There are a ton of questions surrounding what the Broncos will do at cornerback, but what’s clear is they need to do something. They will be another big player at the CB free agency table this offseason, and have eyes on big fish like Jones in Dallas, but they need more than one move to get their secondary back on track. The only interception by a Broncos cornerback in 2019 came at the hands of Chris Harris — who had only a single INT himself — and Harris is set to join Norman in free agency. Harris will garner interest from other teams on this list and even if he remains in Denver, he needs assistance, and Norman can provide it. If the can’t retain him, well, adding Norman as an inexpensive stop-gap makes that much more sense.
Las Vegas Raiders
As an organization, the Raiders have never been afraid to bet on a player who’s supposedly aged out of the NFL prematurely, and head coach Jon Gruden fancies himself a mechanic of player’s brands. While the latter failed to achieve such a goal with wide receiver Antonio Brown, it’s possible he could do so with Norman. No Raiders cornerback registered more than one interception in 2019 and trading away Gareon Conley removed a body in the unit, which could be made worse if Daryl Worley walks as an unrestricted free agent in 2020. The Raiders need depth at cornerback, but more importantly they need starters, and might roll the dice on Norman as they head into Vegas — hoping to not come up snake eyes.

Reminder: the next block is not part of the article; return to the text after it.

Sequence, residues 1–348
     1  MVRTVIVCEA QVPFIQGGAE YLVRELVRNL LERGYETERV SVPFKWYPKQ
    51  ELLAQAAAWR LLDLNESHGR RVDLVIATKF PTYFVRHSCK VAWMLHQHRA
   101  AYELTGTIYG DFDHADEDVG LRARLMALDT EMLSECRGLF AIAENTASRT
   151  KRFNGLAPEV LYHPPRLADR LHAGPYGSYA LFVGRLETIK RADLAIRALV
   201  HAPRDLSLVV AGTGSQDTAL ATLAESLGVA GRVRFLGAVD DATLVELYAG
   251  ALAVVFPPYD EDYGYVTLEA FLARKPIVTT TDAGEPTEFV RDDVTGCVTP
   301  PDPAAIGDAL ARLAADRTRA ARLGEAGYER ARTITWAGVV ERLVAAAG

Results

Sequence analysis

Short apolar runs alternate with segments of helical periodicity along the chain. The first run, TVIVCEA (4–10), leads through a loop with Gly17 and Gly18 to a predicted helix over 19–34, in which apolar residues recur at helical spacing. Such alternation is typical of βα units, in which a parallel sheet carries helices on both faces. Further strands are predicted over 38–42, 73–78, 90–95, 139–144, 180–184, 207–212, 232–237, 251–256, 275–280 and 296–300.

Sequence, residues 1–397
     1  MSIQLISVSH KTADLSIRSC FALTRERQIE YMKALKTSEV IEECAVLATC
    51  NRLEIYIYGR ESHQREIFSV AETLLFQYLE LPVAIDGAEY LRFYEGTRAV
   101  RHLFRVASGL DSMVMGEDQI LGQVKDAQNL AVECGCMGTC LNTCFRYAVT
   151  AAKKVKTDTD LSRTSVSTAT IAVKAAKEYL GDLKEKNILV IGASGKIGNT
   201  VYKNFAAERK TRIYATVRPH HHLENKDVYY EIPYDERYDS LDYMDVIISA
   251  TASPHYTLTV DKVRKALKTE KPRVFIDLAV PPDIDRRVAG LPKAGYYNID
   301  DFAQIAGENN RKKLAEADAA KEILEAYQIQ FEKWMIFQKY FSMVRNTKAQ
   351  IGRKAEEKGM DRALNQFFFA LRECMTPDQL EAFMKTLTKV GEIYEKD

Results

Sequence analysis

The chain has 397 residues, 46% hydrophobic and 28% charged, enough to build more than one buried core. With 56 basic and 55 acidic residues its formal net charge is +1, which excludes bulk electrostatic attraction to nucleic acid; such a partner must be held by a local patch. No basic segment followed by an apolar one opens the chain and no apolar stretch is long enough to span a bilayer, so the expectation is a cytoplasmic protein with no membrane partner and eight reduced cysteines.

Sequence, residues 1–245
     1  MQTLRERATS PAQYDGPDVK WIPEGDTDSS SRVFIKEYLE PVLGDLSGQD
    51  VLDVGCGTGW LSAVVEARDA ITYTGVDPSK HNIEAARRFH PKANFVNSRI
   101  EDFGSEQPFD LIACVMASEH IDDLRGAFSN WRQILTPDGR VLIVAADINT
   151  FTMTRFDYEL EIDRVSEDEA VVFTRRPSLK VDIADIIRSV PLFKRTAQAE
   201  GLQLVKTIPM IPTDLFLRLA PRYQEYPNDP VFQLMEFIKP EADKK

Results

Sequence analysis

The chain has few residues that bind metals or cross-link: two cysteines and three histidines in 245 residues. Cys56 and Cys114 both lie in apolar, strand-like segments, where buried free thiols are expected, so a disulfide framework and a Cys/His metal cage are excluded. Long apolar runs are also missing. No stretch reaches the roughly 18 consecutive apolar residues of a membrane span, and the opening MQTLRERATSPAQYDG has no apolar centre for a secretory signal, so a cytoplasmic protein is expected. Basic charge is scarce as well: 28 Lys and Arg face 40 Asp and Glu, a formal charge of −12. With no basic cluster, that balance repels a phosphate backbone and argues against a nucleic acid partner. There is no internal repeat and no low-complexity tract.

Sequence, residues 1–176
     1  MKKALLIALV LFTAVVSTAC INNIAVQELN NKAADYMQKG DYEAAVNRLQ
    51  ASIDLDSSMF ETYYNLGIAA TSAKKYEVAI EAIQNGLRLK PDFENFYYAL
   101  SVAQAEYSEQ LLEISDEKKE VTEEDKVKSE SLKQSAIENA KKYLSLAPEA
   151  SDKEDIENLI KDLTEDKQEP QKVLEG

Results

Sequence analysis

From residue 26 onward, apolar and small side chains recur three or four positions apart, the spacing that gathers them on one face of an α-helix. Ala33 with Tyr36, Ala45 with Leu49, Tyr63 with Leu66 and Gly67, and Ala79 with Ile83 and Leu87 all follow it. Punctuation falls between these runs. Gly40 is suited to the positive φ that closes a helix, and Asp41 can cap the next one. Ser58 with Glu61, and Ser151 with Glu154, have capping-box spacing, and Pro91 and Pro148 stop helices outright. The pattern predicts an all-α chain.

Role: Backup/Possible starter
Sounds weird when you say it out loud, but there’s definitely logic behind a possible reunion between Norman and the Panthers. For starters, the regime that divorced him in 2016 is long gone, and new head coach Matt Rhule has no reason to turn a blind eye to Norman based upon what happened or did not happen in yesteryear. Even ownership is brand new, with David Tepper taking the reins from an ousted Jerry Richardson in 2018. With the slate essentially now clean, and with the Panthers standing to benefit from veteran depth behind James Bradberry and Donte Jackson, you can’t dismiss this renewing of vows outright — especially considering Bradberry himself is a free agent who’ll field calls from other clubs after a career-best three INT season.
Maybe we see an NFL swap, with Norman’s release by Rivera not only opening the door for a reunion between the coach and Bradberry in Washington, but also reopening a window for Norman and the new-look Panthers to have a discussion.
Stranger things have happened.